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By Harbo
#634777
The 200mm 11 grain Cabinet Makers rasp from Noel Liogier arrived yesterday for a review and pass around.

I already have a number of rasps from various suppliers so I thought it might be useful to compare them - though I do not possess ones of the same grades.
The Dick and the WH ones are Chinese? and much coarser - the WH one also has much less stitches to the inch as can be seen from the photos - they are also much cheaper.
I must also add that these are a few years old and they are not similar to current products.


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5 Rasps to compare; from the top Workshop Heaven, Auriou, Dicks, Liogier

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Liogier

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Liogier

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Liogier

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Auriou 12 grain 7"

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Auriou

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Workshop Heaven No. 6 grain

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WH

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Dick

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A piece of English Walnut just over1" thick

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After a couple of minutes work

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Ditto

When I purchased my Aurious a few years ago I tended towards the finer grades as they remove material at a tremendous rate and the Liogier is no exception.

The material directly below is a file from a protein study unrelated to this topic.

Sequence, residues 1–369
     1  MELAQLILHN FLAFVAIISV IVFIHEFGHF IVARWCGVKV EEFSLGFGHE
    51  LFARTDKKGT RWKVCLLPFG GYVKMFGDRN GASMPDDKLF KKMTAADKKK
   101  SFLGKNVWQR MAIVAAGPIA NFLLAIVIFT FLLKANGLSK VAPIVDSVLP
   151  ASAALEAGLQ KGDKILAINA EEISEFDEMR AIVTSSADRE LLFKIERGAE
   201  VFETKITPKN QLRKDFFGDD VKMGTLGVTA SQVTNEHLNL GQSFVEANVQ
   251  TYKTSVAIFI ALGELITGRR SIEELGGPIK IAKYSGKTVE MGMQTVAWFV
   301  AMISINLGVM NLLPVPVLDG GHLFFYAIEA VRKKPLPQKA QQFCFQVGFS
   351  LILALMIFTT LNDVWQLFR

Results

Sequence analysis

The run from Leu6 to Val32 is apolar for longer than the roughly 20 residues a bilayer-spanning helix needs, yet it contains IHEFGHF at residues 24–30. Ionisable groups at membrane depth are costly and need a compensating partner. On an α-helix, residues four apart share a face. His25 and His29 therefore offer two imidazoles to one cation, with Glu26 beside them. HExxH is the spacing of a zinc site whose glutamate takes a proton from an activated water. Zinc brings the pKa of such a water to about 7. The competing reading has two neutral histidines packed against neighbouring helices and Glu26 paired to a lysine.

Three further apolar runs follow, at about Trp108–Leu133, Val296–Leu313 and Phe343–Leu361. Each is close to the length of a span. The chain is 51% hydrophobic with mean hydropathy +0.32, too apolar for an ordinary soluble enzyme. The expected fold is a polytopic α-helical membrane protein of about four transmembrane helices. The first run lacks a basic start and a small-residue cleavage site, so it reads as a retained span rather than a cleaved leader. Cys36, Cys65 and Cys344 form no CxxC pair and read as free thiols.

I worked on the walnut for no more than 3 or 4 minutes and the rasp left a very clean finish that would only need a bit of sanding to complete.

The WH* and Dick ones are not in the same league. Their cut rate is much slower and they leave a coarse finish.
(* These are no longer sold by WH - they now sell a range of Hand Stitched Continental Rasps)

Comparing the two French ones is more difficult especially as I did not have identical types to compare.
They both perform very well. The stitching on the Liogier is more uniform/accurate (see photos ) and has a nice balance.
The Auriou handle is perhaps more stylish but the Liogiers is more chunky and I preferred it as it fitted my hand better.
The Liogier much cheaper than the Auriou - the one supplied costs 56Euros whereas an Auriou would be about £80 from CHT (CHT do not sell exactly the same rasp as the Liogier, but a 7" Modellers costs £75 and 10" 10 grain Cabinet costs £99).

For those looking for this type of tool I would have no hesitation in recommending the Liogier.

Must check the list and pass it on - anybody else interested in trying it please PM me.

Rod
Last edited by Harbo on 24 Nov 2011, 14:05, edited 1 time in total.
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By woodbloke
#635025
The rasp shown in the pic from WH is the Chinese rasp that Matt used to stock some time ago, of which I have a selection. Looking at the WH site, he no longer stocks them but has 'Continental' (presumably made in Europe) rasps instead, so I wonder how they compare to the ones in your review? - Rob